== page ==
(Editor's Note-This is part two of a three-part series documenting the adventures-and misadventures-of Four Wheeler Technical Editor Sean Holman and Senior Editor Ken Brubaker as they wheeled an '05 Hummer H2 SUT 3,698 miles from California to Illinois. Their nine-day, nine-state journey included camping and an off-highway foray each day.)
7:45 a.m., Ridgemark Golf and Country Club, Hollister, California: We haven't even started our trip yet and Brubaker is already injured. While loading the H2 SUT, he briskly walked into the open rear passenger door and split his eyebrow above his left eye. Holman quickly noted that it must've really hurt, judging by the loud crack, and then he checked the door for damage. Meanwhile, Brubaker sprinted for the motel room with blood gushing down his face and promptly ran into the door frame. Holman begins to wonder if this trip is really a good idea.
11:20 a.m., Hollister Hills SVRA, Hollister, California: The H2 is loaded, the last Top Truck Challenge award has been handed out, and Brubaker has finally managed to control the bleeding. After a brief stint in front of the fourwheeler.com video cameras, fellow Primedia staffers and Top Truck Challenge competitors bid us farewell as we point the H2 toward the Hollister Hills SVRA loop road to get a token trail in for the day. This will be our only trail of Day One because we have over 600 miles of driving to do before nightfall. If we're not in North Bend, Oregon by 10:00 p.m., we get locked out of the KOA Campground. Who's the idiot who put this itinerary together? (Ahem, that would be Ken.-Sean)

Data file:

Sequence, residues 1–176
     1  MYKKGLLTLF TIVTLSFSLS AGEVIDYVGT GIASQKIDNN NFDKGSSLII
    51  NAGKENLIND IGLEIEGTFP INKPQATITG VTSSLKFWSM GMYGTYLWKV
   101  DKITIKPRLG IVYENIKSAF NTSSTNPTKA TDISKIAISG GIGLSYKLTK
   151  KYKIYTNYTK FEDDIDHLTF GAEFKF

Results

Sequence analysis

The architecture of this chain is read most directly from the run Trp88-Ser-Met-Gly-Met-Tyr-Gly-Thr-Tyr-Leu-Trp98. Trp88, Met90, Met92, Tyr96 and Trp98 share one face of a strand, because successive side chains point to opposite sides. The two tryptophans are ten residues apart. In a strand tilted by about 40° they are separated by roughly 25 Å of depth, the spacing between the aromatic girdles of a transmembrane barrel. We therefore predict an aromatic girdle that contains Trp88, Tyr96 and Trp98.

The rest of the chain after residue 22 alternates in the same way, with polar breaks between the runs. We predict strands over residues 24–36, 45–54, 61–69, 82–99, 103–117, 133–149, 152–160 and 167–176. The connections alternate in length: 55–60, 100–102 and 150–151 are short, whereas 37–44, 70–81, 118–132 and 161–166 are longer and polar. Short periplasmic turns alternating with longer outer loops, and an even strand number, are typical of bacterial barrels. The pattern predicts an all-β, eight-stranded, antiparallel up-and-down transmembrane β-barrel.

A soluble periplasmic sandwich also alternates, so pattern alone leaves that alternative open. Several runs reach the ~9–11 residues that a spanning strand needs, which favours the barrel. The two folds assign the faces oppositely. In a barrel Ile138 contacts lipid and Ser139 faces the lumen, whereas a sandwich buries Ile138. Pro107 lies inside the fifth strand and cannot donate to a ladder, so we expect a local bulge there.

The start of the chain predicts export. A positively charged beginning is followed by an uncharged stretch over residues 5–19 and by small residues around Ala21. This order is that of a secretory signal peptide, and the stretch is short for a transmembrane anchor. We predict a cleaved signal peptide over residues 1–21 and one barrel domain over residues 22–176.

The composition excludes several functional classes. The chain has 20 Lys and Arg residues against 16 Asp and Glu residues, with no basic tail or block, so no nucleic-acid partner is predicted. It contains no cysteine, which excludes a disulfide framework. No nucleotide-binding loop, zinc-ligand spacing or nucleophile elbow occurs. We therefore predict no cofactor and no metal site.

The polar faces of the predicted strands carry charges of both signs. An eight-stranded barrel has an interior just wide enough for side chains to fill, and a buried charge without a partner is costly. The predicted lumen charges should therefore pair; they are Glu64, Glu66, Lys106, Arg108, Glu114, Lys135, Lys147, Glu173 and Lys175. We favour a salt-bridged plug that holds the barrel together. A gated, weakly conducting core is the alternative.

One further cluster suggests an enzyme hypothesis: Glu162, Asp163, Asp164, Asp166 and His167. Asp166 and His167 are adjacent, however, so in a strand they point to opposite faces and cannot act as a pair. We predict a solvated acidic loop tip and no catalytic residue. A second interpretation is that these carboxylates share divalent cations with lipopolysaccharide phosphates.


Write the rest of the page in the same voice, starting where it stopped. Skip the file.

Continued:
2:50 p.m., Chevron gas station, Williams, California: While Holman pumps fuel, Brubaker enters the store, grabs a Coke, and leaves without paying for it. Store staff are stunned at the boldness of the theft and warily approach Brubaker at the pump, where he's cleaning (bugs) from the windshield of the H2. Brubaker blames the oversight on head injury and on having to listen to Holman drone on for the last 210 minutes. Holman snaps into Cop Mode (he was a Criminal Justice major) and defuses a tense larceny standoff. As we leave, Holman once again wonders if this trip is really a good idea.
10:06 p.m., KOA Campground, North Bend, Oregon: The campground is still open, and ATVs are swarming all over the place. We set up our Coleman tents by the light of our Hummer genuine accessory roof-mounted lights. Surprisingly, we set up camp for the first time with minimal embarrassment. With shelter established, we spend nearly four hours in the laundry room writing, and slowly sending our first blog for fourwheeler.com via dial-up connection. We are determined to find high-speed connections from now on. The H2 has taken us 663.2 miles so far.
8:32 a.m., KOA Campground, North Bend, Oregon: The first thing we see when we emerge from our tents is hundreds of ATVs of all colors. (The first thing I saw when I woke up was Ken, the epitome of a morning person, having a Coke for breakfast.-Sean). Fritz Gross, the owner of the KOA Campground, has heard that we are around, and he stops by our camp to pay a visit and invite us to breakfast-on the house. We're amazed at this cool campground (www.oregonduneskoa.com). Most impressive is that Fritz had the vision to create this campground out of a sand pile. Not only does it offer top-drawer facilities, it also has neat stuff like daily pancake breakfasts in the summer. Most importantly, it's a stone's throw from the Oregon Dunes ORV area.